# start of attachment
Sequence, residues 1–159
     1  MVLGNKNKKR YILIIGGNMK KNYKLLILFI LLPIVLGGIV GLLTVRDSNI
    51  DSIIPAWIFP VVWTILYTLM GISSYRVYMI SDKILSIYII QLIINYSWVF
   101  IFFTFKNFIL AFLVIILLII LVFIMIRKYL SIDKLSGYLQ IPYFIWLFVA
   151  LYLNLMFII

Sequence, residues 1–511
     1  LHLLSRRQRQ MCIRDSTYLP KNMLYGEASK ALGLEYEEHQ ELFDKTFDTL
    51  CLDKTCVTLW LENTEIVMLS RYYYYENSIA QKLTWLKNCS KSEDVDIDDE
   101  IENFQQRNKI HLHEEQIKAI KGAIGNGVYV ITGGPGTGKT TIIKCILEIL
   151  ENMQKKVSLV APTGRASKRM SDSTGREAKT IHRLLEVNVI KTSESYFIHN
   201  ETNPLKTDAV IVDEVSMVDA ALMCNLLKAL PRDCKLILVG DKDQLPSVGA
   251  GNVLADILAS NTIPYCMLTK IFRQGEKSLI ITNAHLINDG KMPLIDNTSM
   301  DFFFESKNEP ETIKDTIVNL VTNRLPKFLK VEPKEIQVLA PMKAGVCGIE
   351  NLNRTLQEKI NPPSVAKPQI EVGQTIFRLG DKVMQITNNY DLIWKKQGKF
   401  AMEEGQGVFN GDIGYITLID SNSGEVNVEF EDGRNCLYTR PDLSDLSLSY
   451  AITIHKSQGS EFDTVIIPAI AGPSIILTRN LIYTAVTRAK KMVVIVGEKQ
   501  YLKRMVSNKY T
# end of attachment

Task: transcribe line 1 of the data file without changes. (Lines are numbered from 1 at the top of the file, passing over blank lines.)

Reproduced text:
Sequence, residues 1–159